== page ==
Three Harrogate business organisations have set up a survey on the upcoming £10.9 million Station Gateway project in an effort to gather more views on the scheme.
Harrogate BID, Harrogate District Chamber of Commerce and Independent Harrogate sent the survey out to around 800 of their members.
The aim is to gather opinions ahead of the second consultation of the gateway project, which is currently at design stage, in order to inform a response.
The scheme, which is being led by North Yorkshire County Council, Harrogate Borough Council and West Yorkshire Combined Authority, is designed to cut congestion in the town.
It could also see part of James Street pedestrianised in an effort to encourage more walking and cycling.
But, David Simister, chief executive of the chamber of commerce, told the Stray Ferret that more people needed to be consulted on the project.
“We are coming into the second round of consultation and we are trying to gauge the reaction of businesses.
“That is why we are doing it.”
Mr Simister pointed out that 1,100 people took part in the first round of consultation, but added that more needed to “feel a part” of the process.
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He said that the chamber was also looking at holding an in-person Q&A session between businesses and the county council at a later date.
Following the outcome of the next round of consultation, further detailed design plans are expected in September ahead of a final business case being complete.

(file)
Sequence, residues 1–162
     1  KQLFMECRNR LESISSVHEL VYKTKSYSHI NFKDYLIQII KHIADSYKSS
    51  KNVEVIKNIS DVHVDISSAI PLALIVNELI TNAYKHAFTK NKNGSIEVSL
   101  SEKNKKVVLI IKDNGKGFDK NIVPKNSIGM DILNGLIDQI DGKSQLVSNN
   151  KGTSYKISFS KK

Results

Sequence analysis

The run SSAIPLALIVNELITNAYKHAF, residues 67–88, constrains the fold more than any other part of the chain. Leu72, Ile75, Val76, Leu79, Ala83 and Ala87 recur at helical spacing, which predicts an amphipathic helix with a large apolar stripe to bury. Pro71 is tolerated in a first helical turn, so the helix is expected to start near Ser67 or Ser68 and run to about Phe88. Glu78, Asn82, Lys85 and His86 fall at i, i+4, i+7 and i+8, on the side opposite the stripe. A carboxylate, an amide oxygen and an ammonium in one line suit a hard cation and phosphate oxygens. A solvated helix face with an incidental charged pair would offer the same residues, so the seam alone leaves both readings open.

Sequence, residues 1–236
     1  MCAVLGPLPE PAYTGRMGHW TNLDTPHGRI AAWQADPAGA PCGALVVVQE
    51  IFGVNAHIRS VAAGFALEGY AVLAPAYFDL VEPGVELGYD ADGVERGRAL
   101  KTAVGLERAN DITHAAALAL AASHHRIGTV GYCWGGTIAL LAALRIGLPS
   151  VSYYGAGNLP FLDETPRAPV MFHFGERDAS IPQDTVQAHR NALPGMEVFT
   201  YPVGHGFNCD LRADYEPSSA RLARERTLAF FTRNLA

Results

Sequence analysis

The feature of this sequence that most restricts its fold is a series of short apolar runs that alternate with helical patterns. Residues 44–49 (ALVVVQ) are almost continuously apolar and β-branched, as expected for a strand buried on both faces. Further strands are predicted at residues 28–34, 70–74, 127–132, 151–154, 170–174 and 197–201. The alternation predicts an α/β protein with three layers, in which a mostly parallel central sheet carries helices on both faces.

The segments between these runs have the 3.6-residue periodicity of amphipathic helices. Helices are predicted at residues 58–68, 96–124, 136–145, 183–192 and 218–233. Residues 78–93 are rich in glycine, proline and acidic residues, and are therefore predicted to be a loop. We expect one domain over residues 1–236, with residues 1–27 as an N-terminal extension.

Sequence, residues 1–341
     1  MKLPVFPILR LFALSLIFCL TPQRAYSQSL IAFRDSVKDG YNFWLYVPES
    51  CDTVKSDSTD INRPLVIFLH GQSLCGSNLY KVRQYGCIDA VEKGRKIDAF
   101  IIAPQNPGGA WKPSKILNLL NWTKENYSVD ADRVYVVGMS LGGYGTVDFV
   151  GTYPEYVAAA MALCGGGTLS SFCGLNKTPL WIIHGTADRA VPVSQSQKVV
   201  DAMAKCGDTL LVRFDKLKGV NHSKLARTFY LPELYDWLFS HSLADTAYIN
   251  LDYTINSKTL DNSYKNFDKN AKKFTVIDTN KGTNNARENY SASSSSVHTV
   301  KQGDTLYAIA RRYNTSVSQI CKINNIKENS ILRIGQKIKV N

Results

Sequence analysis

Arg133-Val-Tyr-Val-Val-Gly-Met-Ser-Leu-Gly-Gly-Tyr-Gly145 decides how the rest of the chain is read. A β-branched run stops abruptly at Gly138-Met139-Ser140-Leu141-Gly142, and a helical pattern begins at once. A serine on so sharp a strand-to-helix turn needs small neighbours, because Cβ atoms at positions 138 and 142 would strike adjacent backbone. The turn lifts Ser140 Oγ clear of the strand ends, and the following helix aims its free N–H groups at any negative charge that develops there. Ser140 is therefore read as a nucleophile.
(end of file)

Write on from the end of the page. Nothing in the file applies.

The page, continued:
A final proposal for the project is anticipated to go before the county council’s executive in December.
As the Stray Ferret previously reported, the county council has anticipated that work could start on the £10.9 million project in February next year.
It follows the recent publication of a 160-page document analysing responses to the first round of consultation to the scheme, which is a joint initiative between Harrogate Borough Council, North Yorkshire County Council and the West Yorkshire Combined Authority.
Of 935 people who replied to a consultation question about traffic on Station Parade in an online survey, 49 per cent preferred the one-lane option, 27 per cent preferred the two-lane option and 24 per cent preferred neither.
Of the 934 who replied to a question about pedestrianising the northern section of James Street, between Princes Street and Station Parade, 54 per cent said they were either positive or very positive about it while 38 per cent were negative or very negative towards it.